Even with a full practice, a sound business practice for the long term is to continuously invest in marketing your practice. Marketing – how your work with patients, your price, place and promotion – means that you are always working to improve your practice organization. Patients will leave, and new patients are looking for good physicians. Running a business means constant renewal.
In their recent newsletter, Healthcare Success Strategies, a practice marketing consulting firm, offered these “Marketing Resolutions to Break Inertia and Get Moving Today”:
1. Start an account just for marketing
2. Take 4 minutes to seriously assess your practice.
3. Start a plan.
4. Track the source of new patients from the first phone call.
5. Learn something new each month about marketing.
6. Repeat after me: “Marketing is an investment.”
7. Call someone. Sort of a “marketing buddy system;” you’ll get further with sound advice and accountability.
Over the past month, I’ve been writing about how this time of year is often one of introspection and a time to unleash new energy into your business. I’m doing this myself – I’m seeking out more opportunities to lead seminars and workshops for physicians and small business groups around the country.
Your budget for 2008 – and every year – should include monies for marketing. A very rough “rule of thumb” would provide 1-3 percent of total expenses into that account. Marketing expenses include patient education materials, advertising, sponsorships (PTAs, high school plays and athletic teams, community theater groups, etc), fees to a marketing consultant, and so on. Before spending much money, however, sit down and draw up a basic plan. Who are you trying to reach? For example, in my city there is a Center for Women that has a variety of programs, from a series for women entrepreneurs (I’ve spoken for them – some interesting businesses out there). This organization reaches a lot of women, so a relationship would be a good investment. A business membership is inexpensive ($250 a year) and includes a link on their website. High school football is very big here, and there is also an active cultural and arts community. The basic test is this: will people actually notice your sponsorship, and are these the people you are trying to reach with your message?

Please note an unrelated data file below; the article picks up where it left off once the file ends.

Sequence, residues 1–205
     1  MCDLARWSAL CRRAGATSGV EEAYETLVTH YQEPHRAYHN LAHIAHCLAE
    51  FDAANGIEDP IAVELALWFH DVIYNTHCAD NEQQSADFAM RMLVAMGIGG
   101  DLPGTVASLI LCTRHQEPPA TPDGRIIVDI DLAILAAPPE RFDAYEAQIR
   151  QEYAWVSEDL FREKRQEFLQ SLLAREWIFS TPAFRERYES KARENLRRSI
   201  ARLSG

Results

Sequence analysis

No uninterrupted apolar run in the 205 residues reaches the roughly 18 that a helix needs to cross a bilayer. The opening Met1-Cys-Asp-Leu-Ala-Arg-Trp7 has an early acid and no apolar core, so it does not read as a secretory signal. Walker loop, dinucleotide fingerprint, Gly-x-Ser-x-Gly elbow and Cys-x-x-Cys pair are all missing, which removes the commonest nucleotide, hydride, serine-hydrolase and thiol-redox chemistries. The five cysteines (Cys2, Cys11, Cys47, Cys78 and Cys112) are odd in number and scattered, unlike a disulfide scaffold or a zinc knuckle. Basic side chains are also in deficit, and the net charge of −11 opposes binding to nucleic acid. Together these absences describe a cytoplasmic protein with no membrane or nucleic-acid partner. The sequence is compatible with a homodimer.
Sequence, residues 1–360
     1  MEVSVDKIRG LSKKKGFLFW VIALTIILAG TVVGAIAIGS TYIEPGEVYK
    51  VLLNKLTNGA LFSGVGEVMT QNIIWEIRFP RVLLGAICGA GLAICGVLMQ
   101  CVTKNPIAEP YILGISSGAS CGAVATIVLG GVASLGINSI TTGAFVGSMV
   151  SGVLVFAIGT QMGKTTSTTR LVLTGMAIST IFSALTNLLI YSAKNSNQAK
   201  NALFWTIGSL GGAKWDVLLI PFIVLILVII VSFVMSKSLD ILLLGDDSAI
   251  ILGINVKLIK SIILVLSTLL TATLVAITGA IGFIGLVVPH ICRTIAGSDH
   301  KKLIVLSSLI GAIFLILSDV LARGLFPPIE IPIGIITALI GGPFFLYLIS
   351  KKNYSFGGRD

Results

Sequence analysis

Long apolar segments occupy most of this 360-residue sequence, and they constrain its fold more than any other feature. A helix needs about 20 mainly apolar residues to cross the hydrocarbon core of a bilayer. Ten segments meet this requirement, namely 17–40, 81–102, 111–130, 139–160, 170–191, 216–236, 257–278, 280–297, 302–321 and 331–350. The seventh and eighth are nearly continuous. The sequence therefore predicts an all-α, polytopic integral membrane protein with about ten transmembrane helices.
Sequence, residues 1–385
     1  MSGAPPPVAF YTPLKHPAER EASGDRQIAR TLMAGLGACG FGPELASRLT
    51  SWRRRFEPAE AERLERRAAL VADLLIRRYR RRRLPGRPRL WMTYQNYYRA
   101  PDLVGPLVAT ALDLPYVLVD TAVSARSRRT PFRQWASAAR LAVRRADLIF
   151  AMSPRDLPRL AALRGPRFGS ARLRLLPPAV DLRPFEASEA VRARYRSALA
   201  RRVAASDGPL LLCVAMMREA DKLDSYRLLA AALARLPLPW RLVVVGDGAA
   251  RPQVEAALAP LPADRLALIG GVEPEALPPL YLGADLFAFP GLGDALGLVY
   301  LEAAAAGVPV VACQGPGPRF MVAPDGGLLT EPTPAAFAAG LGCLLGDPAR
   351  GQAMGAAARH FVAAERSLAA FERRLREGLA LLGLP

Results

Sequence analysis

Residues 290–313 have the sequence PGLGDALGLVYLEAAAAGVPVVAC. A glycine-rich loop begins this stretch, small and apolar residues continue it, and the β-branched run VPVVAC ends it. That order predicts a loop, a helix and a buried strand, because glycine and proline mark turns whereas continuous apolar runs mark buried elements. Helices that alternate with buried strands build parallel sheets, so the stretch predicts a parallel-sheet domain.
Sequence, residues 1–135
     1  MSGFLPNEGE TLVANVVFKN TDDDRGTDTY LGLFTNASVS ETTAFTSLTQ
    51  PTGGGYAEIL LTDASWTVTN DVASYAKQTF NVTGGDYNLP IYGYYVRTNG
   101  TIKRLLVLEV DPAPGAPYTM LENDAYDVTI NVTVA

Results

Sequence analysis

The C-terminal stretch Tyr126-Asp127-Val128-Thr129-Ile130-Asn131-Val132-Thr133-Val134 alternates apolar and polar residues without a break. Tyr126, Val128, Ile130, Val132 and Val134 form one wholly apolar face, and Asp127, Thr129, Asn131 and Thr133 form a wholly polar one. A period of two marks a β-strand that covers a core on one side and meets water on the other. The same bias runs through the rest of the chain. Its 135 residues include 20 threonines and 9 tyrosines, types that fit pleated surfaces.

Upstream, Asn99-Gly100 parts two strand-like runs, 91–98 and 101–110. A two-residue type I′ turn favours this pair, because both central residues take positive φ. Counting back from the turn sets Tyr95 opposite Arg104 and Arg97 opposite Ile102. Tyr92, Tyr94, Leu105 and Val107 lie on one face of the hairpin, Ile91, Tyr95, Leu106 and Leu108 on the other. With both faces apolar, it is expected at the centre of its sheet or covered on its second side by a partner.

In addition to sponsorships, your highest priority should be in the office. As I’ve written many times before, get thee a website, and get thee printed materials to give to patients. People don’t always hear or remember everything you tell them in the exam room. Written materials reinforce your message, and can provide more information if patients want it. A website is a must – even a simple one, such as offered through the AMA subsidiary Medem.
Resolution 7 above says to get help. You need not hire an employee – there are many good people out there who consult and freelance to practices and other businesses. Personally, I often work on a flat monthly retainer rather than an hourly rate for longer term projects.
Going back to the plan – item 3: a marketing plan outlines the goals and tasks for growing your practice. Tasks can included developing patient education materials, conducting a walk-through assessment of your practice, listing the physicians and other potential referral sources you will meet with (including meals), and outlining sponsorship opportunities. If you are planning to place advertising, this should also be sketched out. On the latter, the place to start is by gathering media kits from the various outlets (newspapers, magazines and radio) in you service area. Do not commit to anything without help – you will be promised a lot of things. Do not place ads simply because “it’s cheap – how can I go wrong?” You can – it’s a waste of money and time that could be better spend somewhere else.
Let us know how things go – questions are always welcome!